- Publish Date
- Friday, 21 April 2017, 12:34PM
- By John Cowan
Gidday. I’m John Cowan from the Parenting Place
This is a family tip rather than a parenting tip - it’s about the way we, as adults, relate to other adults in our family and outside it.
My sister has become gravely ill and I flew to be with her. Amongst the sad stuff that is going down, there is something wonderful as well: it is amazing seeing my widely scattered family turning up– children and nephews and nieces and grandkids flying in from America and distant parts of Australia or driving hours to be there, to show their love, to help her and each other. Sometimes there are too many people wanting to help, sometimes there’s a bit of chaos, but honestly, it is mostly fantastic and it means such a lot to my sister.
I was very proud of my family as they all worked to shoulder some of the load. Of course many families would do the same, but in my work with families I’ve seen some people reluctant to get involved with others’ crises and illnesses, even within their close kin. It’s not so much selfishness as shyness, doubting whether it is the right thing to do or not. I’m glad that there is some cultural DNA in our family – which I sure we all got from my Mum and Dad – which means our first instinct is to push past the shyness, and to start helping. And it’s good.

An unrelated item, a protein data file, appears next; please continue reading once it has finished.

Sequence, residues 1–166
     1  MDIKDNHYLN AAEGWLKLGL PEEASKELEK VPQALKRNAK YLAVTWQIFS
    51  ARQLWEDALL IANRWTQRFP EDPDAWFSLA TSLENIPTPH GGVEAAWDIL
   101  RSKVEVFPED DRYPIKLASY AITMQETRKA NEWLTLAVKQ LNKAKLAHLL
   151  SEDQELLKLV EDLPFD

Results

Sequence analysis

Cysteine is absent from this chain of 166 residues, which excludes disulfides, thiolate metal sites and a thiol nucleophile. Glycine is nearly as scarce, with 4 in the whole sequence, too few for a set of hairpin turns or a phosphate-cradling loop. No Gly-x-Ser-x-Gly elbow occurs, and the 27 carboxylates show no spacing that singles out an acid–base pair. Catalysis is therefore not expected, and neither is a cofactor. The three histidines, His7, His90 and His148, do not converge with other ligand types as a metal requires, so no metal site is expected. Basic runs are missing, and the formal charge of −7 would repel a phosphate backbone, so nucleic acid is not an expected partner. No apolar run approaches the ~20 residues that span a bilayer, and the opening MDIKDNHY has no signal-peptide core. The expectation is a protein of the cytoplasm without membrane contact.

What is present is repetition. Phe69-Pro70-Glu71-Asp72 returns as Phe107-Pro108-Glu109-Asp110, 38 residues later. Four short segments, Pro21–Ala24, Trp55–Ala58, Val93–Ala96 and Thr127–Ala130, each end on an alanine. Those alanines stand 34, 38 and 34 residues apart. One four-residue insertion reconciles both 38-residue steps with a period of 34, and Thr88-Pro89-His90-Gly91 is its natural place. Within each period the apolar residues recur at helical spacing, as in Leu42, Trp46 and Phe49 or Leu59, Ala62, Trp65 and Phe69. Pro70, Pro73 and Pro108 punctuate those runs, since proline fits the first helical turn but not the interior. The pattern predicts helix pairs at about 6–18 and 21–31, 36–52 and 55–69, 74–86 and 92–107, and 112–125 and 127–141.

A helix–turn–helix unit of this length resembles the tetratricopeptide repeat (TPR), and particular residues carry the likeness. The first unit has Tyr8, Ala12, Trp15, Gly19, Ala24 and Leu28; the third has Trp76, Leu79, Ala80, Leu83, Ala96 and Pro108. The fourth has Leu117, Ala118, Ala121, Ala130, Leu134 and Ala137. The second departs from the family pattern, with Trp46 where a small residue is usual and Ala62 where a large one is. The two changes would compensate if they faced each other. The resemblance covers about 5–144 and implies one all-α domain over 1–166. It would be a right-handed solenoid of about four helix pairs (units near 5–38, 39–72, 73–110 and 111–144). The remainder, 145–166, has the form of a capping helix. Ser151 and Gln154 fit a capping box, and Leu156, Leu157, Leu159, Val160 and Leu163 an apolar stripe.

I said that this was not really about parenting but, really, if we have kids, everything we do impacts them. If they see loyalty and generosity in us, we are more likely to see it blossom in them. Our example is the best way to teach these things to our children. Wouldn’t it be great to think that, in the long distant future, when we are no longer around to look out for our kids, they will be looking out for each other and, when needed, they will step up and butt in and do some good.
John has been with The Parenting Place (www.theparentingplace.com) for seventeen years as their senior writer and presenter. He had various roles working with youth and families prior to that but actually started his working life as a scientist in neurophysiology at Auckland Hospital. As well as writing and speaking, John is frequently on radio and television.
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